Demo showdown: Metal Gear Rising: Revengeance

Digital Foundry puts the Xbox 360 and PS3 samplers to the sword.

Cancelled by Konami and then resurrected via the coding talents of Platinum Games, Metal Gear Rising: Revengeance is a title sure to court controversy. For a multi-million-selling franchise built around stealth, Platinum's redux pays only a passing regard to the series' heritage, instead focusing on what the team does best: phenomenal, borderline-insane, action. A playable demo - out today - allows you to judge whether Hideo Kojima made the right choice with this new approach to the title.

Little was seen of the original version of the game before its mysterious cancellation, but based on the E3 2010 presentation we watched at the Microsoft conference, two aspects jumped out to us. Firstly, there was the fact that the game was operating at a locked 60 frames per second on what seemed to be a PC - a little surprising bearing in mind that Metal Gear Solid 4 jumped sporadically between 20 and 30FPS at any given point (Kojima himself later confirmed that the old version of the game was indeed 30FPS).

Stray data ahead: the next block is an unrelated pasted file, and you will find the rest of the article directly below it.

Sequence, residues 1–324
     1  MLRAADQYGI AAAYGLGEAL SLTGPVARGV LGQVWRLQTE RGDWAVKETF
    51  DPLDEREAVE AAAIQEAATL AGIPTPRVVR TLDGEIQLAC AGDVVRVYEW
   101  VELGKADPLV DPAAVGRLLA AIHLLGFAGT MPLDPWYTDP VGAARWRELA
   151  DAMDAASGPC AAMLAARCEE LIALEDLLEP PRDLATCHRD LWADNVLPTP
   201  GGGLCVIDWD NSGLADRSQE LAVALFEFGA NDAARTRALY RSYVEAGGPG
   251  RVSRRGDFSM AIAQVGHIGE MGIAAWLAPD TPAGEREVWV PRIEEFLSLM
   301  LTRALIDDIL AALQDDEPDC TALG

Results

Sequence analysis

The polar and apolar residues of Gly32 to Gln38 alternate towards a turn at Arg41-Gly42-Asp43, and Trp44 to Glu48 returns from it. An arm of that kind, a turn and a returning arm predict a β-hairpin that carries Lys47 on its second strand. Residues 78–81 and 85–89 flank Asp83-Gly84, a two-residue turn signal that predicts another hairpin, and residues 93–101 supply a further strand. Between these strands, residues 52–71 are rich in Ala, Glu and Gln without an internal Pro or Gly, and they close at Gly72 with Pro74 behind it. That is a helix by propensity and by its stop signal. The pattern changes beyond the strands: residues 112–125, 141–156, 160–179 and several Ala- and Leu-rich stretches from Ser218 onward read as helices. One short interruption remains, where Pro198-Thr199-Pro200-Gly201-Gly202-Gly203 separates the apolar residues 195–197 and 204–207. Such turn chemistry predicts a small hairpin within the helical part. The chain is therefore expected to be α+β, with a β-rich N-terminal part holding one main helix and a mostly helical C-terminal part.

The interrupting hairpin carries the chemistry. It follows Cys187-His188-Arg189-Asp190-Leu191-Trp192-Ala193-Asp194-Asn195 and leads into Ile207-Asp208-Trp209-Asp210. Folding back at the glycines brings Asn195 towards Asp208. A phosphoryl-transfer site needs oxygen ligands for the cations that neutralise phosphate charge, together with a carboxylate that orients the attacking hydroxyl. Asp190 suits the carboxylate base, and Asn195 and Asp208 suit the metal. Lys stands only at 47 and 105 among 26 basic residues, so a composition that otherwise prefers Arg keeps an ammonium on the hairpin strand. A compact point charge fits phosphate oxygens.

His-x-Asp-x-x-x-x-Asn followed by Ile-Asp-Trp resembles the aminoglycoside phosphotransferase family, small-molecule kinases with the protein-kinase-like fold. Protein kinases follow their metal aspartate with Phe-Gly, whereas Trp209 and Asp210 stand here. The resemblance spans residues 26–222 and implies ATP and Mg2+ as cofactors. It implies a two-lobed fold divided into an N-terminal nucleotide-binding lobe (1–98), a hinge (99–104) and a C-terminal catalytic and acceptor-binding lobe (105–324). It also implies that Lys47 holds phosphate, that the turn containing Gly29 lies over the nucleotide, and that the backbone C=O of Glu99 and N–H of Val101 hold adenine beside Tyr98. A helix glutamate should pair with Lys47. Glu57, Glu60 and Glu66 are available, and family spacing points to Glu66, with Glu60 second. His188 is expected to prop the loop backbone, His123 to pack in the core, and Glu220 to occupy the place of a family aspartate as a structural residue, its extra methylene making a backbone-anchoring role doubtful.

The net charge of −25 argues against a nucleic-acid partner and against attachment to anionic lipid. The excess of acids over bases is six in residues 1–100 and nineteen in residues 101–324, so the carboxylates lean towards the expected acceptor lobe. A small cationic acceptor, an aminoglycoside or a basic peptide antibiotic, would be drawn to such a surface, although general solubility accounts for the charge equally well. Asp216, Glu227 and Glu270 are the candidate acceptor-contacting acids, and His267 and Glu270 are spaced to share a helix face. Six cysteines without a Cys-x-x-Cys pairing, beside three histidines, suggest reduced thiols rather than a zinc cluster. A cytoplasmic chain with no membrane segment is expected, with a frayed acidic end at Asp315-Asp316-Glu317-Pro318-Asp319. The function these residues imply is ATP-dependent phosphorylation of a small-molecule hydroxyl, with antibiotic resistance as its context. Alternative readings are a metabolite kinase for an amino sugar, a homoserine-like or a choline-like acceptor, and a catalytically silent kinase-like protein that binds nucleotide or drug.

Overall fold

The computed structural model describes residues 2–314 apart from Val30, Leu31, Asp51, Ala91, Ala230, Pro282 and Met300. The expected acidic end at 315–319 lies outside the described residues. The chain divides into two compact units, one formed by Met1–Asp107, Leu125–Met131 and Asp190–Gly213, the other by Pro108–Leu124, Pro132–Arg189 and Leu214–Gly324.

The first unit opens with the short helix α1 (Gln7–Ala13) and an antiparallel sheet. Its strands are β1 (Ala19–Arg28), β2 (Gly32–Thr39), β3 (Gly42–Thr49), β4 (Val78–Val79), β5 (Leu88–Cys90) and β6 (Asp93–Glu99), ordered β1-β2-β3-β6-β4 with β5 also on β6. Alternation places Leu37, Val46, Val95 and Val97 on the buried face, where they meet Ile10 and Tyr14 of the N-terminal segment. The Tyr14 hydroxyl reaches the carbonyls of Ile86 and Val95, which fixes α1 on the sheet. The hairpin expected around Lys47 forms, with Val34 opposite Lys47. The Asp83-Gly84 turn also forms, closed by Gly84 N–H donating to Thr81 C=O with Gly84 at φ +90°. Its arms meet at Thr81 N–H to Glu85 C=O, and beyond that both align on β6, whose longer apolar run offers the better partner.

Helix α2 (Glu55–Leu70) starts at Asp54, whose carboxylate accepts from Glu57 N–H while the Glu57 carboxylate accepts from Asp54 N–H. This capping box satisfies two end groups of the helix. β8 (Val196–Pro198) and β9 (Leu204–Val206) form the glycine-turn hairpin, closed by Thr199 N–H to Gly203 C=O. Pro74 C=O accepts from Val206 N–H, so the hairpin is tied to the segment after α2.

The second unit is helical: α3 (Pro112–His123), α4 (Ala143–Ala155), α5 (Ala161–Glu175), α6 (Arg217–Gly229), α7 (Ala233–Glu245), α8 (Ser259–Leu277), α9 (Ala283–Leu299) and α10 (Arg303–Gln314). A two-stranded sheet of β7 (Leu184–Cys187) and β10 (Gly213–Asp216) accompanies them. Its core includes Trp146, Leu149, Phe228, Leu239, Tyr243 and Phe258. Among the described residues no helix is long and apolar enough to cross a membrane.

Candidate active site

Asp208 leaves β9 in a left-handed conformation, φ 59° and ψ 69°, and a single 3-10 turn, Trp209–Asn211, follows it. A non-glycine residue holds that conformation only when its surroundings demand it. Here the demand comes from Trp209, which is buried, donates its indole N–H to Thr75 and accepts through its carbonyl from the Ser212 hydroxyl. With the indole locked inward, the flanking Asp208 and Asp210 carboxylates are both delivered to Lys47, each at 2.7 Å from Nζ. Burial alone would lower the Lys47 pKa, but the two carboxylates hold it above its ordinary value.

The second element was the inclusion of a "Zan-Datsu" blade mode - which gifts the player the ability to cut virtually any object in the game into pieces. Lots of pieces. At the time, our thought was that the game engine may struggle with the sheer amount of dynamically generated geometry if this feature wasn't properly managed.